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In my opinion, immigration is a global phenomenon rather than uniquely American.     People immigrate due to a number of factors which can be described as push-and-pull.     Push factors include the American policy of pandering to big American Agriculture business that lower corn price in Mexico that causes local Mexican farmers to become uncompetitive. Without a mean to support their families, they just head north of the border to become an illegal in the U.S. Pull factors are the rewards that the U.S. are giving to the illegals such as non-enforced work rules, free medical care and education for their kids. In order to reduce the number of illegal immigrants to the U.S., I believe that we need to eliminate both the push and pull factors. I think the U.S. can learn a lot from other countries regarding the problems of immigration.     As an immigrant myself who came to the U.S. as a political refugee, what are my thoughts on it and what do I support?

Because immigration is a hot and controversial subject, I think it’s best if we put it into a particular framework.    Personally I like the UNHRC’s (United Nation Refugee Agency) framework:

The practice of granting asylum to people fleeing persecution in foreign lands is one of the earliest hallmarks of civilization. References to it have been found in texts written 3,500 years ago, during the blossoming of the great early empires in the Middle East such as the Hittites, Babylonians, Assyrians and ancient Egyptians.

The 1951 Refugee Convention establishing UNHCR spells out that a refugee is someone who "owing to a well-founded fear of being persecuted for reasons of race, religion, nationality, membership of a particular social group or political opinion, is outside the country of his nationality, and is unable to, or owing to such fear, is unwilling to avail himself of the protection of that country."

Global migration patterns have become increasingly complex in modern times, involving not just refugees, but also millions of economic migrants. But refugees and migrants, even if they often travel in the same way, are fundamentally different, and for that reason are treated very differently under modern international law.

Migrants, especially economic migrants, choose to move in order to improve the future prospects of themselves and their families. Refugees have to move if they are to save their lives or preserve their freedom. They have no protection from their own state - indeed it is often their own government that is threatening to persecute them.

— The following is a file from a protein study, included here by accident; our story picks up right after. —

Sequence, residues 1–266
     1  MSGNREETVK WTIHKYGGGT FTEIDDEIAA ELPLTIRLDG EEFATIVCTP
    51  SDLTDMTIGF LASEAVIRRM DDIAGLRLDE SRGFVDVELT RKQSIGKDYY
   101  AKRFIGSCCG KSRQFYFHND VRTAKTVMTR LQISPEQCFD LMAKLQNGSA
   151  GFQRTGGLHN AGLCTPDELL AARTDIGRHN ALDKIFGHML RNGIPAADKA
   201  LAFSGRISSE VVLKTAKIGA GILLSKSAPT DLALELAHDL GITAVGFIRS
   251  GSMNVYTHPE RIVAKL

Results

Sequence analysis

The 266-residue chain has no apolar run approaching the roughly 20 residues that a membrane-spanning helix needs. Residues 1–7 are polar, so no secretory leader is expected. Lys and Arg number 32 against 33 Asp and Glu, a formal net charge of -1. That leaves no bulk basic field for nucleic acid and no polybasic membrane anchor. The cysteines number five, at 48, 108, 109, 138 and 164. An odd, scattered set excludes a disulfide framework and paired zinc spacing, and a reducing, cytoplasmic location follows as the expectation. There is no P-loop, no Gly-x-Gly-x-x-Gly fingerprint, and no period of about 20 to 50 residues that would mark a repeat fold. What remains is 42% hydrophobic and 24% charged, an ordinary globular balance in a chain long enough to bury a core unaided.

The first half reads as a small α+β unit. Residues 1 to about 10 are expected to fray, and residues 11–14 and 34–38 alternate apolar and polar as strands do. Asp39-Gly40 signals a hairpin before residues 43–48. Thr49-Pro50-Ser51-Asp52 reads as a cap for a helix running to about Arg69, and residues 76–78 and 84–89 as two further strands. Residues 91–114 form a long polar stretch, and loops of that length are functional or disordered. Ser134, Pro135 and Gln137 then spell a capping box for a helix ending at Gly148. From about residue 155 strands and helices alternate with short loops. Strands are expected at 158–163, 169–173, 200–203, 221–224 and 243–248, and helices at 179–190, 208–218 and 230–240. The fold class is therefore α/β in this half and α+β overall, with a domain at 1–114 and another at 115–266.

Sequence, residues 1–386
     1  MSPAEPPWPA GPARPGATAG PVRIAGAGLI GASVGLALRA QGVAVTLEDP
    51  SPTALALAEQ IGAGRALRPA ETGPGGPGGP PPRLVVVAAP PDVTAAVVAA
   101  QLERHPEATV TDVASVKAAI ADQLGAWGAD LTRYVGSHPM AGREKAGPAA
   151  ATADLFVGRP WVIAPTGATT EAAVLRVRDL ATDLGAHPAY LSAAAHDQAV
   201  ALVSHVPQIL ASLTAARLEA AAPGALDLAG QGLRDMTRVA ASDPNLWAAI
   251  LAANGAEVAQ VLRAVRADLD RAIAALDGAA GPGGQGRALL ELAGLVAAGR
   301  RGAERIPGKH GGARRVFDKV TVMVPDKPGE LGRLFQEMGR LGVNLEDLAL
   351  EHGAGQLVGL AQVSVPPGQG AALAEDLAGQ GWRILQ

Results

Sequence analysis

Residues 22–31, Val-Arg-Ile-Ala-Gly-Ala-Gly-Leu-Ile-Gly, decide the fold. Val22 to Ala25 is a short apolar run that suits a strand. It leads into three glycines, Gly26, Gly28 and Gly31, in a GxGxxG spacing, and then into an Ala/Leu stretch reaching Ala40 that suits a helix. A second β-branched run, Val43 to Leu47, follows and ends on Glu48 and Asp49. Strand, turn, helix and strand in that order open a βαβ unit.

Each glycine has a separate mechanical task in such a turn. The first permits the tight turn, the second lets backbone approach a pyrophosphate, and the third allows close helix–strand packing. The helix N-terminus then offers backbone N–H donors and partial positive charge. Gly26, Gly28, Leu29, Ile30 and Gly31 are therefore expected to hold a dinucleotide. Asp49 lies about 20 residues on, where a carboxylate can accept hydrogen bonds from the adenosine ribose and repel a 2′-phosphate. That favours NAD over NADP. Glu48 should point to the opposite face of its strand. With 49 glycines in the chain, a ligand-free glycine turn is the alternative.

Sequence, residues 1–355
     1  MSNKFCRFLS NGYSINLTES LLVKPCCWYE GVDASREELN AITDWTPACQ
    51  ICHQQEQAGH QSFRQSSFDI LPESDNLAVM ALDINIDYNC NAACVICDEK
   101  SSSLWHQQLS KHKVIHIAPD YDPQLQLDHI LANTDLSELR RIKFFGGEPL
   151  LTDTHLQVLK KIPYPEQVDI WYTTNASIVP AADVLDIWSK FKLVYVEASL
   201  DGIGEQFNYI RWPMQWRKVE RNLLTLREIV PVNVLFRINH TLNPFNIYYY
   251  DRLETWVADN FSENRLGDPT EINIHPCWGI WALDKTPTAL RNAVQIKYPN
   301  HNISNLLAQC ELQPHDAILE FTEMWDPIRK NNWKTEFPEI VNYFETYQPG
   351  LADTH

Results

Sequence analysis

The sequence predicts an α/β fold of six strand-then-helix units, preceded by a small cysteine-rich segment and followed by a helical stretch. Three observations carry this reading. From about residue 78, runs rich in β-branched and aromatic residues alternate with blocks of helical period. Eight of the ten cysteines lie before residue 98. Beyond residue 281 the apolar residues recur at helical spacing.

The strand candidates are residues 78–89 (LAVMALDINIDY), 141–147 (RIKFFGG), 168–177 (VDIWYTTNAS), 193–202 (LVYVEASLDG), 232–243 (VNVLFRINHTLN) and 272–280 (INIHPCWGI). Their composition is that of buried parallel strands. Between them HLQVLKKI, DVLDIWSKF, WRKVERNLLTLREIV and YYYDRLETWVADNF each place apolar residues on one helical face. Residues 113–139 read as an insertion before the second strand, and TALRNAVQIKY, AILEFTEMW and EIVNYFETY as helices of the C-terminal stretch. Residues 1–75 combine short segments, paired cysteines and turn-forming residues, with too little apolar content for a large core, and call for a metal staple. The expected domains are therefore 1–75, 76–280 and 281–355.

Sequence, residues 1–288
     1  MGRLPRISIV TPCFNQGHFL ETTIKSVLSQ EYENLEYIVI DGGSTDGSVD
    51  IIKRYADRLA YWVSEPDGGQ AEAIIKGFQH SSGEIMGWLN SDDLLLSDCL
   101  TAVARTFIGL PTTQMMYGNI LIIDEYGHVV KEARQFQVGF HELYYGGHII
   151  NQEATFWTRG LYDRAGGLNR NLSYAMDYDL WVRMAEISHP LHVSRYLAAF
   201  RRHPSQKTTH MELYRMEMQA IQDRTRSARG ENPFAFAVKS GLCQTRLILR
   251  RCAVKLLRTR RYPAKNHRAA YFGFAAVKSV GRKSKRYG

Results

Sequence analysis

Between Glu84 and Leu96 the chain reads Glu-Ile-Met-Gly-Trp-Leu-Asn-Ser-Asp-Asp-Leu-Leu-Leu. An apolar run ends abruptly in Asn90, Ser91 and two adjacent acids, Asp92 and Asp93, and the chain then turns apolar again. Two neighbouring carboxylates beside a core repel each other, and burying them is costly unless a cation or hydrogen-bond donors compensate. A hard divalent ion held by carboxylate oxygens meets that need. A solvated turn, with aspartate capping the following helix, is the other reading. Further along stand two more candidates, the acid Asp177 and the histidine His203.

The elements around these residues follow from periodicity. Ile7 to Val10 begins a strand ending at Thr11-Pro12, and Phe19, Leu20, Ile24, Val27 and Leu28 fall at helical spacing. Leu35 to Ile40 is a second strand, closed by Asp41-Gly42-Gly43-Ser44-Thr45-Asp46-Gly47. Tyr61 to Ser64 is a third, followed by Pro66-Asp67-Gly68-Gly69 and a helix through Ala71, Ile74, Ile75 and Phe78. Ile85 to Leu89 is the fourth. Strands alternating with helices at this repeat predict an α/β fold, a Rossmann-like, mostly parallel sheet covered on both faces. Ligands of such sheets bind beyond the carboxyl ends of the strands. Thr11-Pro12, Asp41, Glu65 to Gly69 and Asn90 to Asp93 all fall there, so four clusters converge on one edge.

As you notice from the UN declaration above which states that “refugees and economic migrants are fundamentally different.”     Countries do make a distinction between refugees and economic migrants.  It is wrong to put everyone into one basket.    All countries that are supportive of refugees actually don’t support illegal economic migrants to their countries that violate their countries' laws. Laws must be upheld in order to have civilized and fair society.     That’s what I also believe.   I am 100% supportive of refugees, but I am against illegal economic immigration.     There is nothing contradictory about it.    The only reason I might vote against a law for refugees is if I think it may put our national security at risk.     I generally support legal immigrants who follow American laws. In time of economic stress, I believe it's wise to cut down the number of legal immigrants to the country so we don't flood the job market with extra labor that causes hardship for everyone -- both the people who are already here and the new arrivals. I also wholeheartedly support the immigration of the best and brightest to America.    I believe that America becomes a richer and stronger country due to the contributions of these extraordinarily talented individuals. However, I strongly oppose the importation of cheap labor disguised as the “best and brightest” to displace American workers.

Please keep these points in mind as you read about my writings on immigration which I intend to do in the months ahead.


I am not the only one who believes Congresswoman Zoe Lofgren is terrible. These are the voices from Americans across the nation who expressed their views about her on the Los Angeles Times, the New York Times, the Hill, San Jose Mercury News, the Washington Post, etc. in the comment sections of the articles that mentioned her name:

medocad at 8:22 PM April 22, 2011 Someone should remind the Congresswoman that when she took the office, she swore to uphold the constitution of the US. Immigration and defending the borders is part of the oath. It is the Federal Government's obligation to deport people who are in the country illegally. I don't care if they have committed a crime or not. Being here is a crime punishable by deportation.